Cooling Fans Running - Temperature Gauge not working - Yukon (and other models), my data, experience and rigged fix.

Disclaimer: Links on this page pointing to Amazon, eBay and other sites may include affiliate code. If you click them and make a purchase, we may earn a small commission.

The guitar zombie

TYF Newbie
Jun 1, 2017
Reaction score
I am starting this thread because you have to go through a lot of posts to get where I am.

The problems (many models have it):

1) My 2015 Yukon Denali’s engine temperature gauge intermittently reads zero and the cooling fans come on where the computer assumes the sensor has failed so the car goes into a protective safe mode (fans run constantly - better too cool than too hot). if the Car is shut off with the fans running, they start up again when the car starts and will continue to run until 5 minutes after the car shuts off. The fans may, or may not start up the next time the car is started. It may run for a day or two and the problem will start up again.

2) The running fans cause problems.

a) the battery gets drained. On my Yukon, a near dead battery does not act typical to other older cars. Lights are bright, they don’t dim when heater is turned on, but when you hit the start button, the dash display goes black. Then the dash lights and headlights are bright again. Don’t be decieved, this is how a dead battery works (or doesn’t work) in a GM.

b) Because the control module doesn’t know the engine temp, the engine may not run properly. It may run rough or may be harder to start. Exhaust may be a bit more smelly.

Troubleshooting: I had my mechanic replace the engine temperature sensor. It worked, not because it needed one, but because he disconnected the battery and reconnected it. I took the old one and tested it. When the “old” sensor was immersed in three different cups of water (room temp 70°, ice cold 35° and hot 130° I measured the sensor’s resistance each time. It worked within spec (chart can be found on line). So my sensor wasn’t bad.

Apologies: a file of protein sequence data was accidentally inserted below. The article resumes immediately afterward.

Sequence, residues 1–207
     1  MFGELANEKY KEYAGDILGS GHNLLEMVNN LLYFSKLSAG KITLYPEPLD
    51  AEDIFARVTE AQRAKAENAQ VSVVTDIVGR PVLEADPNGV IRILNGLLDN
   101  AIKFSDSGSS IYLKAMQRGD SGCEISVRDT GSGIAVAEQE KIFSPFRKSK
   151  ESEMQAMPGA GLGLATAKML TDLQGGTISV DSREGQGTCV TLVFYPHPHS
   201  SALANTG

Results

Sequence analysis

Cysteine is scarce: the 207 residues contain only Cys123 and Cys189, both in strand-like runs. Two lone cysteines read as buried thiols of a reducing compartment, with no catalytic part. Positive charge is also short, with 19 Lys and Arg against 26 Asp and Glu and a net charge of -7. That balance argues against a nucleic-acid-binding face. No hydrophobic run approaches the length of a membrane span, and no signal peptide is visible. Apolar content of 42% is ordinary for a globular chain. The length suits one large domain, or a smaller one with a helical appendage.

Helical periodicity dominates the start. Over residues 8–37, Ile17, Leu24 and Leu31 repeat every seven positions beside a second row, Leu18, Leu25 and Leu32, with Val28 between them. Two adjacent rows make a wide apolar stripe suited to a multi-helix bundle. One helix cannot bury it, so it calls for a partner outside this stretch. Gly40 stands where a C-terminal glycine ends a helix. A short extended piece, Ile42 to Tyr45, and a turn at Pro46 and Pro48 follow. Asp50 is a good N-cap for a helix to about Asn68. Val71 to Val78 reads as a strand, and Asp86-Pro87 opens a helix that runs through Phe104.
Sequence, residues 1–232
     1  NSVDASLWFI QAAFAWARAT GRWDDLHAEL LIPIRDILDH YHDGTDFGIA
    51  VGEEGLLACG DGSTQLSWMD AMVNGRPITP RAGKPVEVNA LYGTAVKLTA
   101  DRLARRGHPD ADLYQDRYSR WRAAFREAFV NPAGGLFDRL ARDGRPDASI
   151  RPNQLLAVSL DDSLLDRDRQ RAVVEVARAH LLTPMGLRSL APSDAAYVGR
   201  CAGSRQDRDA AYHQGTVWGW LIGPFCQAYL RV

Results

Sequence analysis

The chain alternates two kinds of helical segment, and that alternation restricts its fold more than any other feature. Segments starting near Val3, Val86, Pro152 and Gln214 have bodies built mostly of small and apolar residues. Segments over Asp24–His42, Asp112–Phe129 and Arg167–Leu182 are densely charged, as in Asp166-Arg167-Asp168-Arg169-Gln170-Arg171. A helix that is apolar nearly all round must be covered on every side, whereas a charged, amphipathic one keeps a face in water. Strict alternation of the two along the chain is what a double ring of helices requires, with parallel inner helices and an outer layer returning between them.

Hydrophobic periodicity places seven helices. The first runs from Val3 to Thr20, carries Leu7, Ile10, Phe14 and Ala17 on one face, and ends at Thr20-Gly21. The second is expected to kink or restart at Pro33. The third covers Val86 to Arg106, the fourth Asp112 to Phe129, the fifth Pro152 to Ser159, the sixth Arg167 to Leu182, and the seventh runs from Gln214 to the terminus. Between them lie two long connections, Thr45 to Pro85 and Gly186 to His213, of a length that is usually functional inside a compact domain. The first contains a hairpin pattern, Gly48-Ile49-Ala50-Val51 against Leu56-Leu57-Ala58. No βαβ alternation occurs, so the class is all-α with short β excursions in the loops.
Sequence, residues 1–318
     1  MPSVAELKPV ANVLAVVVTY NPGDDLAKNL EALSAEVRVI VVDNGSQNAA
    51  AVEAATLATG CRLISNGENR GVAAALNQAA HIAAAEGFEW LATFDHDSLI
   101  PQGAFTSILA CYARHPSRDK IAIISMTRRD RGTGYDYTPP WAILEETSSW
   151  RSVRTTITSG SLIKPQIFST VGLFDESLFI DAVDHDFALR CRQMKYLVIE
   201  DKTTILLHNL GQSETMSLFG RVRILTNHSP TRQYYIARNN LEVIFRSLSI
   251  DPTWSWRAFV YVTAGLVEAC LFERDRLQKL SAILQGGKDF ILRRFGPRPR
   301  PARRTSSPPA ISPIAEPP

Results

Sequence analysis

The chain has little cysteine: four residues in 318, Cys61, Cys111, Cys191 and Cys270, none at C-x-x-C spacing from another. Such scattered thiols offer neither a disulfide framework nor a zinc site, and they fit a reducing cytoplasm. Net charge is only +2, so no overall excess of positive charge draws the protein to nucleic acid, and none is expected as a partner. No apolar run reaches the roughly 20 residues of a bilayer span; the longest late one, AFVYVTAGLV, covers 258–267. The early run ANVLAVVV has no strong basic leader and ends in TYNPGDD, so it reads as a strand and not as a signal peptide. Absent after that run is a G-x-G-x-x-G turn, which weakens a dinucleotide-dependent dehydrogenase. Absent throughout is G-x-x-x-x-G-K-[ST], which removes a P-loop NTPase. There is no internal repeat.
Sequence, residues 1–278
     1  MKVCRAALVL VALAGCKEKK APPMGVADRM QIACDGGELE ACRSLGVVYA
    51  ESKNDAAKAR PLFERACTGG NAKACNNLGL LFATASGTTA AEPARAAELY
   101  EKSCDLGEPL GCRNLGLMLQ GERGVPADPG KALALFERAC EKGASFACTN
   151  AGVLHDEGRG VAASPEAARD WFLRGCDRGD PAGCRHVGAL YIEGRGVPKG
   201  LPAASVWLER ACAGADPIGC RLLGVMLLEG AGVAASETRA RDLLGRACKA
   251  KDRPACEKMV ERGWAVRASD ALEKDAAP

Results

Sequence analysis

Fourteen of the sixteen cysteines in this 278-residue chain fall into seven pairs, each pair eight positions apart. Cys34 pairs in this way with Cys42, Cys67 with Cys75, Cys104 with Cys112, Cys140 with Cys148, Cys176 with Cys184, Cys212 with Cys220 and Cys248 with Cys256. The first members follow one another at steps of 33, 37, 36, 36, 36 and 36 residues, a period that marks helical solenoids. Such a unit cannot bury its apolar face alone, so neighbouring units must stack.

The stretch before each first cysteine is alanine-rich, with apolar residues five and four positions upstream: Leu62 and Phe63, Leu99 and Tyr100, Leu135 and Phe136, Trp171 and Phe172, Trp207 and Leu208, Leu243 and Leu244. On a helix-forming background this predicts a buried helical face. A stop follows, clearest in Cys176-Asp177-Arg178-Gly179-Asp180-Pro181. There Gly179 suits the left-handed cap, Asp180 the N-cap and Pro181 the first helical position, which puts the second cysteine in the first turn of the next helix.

Opinions: many opinions and theories were offered in previous posts.
  1. The sensor itself is cheap and therefore intermittent. I am an engineering specialist with expertise in instrumentation and sensors. No. Not in this case.
  2. The wiring caused a power surge and killed the sensor. Again, no.
  3. One post even replaced the car’s computer ($$$) and still did not solve the problem.
  4. Loose connectors. I can’t say 100% no, but my mechanic did check the sensor’s connector.
Solution: This works but is not really a solution, but a work around. I added a battery switch. When I shut the car off, if the fan is running, I kill the battery via the switch (I bought and installed - there are many configurations). Every time, so far, the car starts normal (no fan running). There are systems you can buy that provide a switch near the dash. The cutoff can be an added safety feature as well. But, you will have to reset your date and time. Some of the car’s personal settings will have to be reprogrammed. The radio stations remain programmed though.

Suspicions: I think it is a control module programming issue.

Other thoughts - maybe rigging the control module fuse to have an in line switch on one of the terminals will reset the problem. I don’t know (yet) but next time, instead of disconnecting the battery, I will pull the fuse to see if it resets the temp sensing system. My guess is that it has the same effect (reprogramming) as disconnecting the battery cable, if it does the reset.

I will edit this post as I try different things.


Full Access Member
Jun 19, 2012
Reaction score
Frisco, TX
The emissions monitors are going to be a PITA to complete if you have to get an obdii state inspection if you’re killing the battery every shutoff.


Staff member
Super Moderator
Supporting Member
Apr 2, 2017
Reaction score
Elev 5,280
Have you thought about reading the ECT sensor temp with a scanner to see what it's reporting? Then comparing that to actual (give or take) with an infrared temp gun?

Forum statistics

Latest member

Latest posts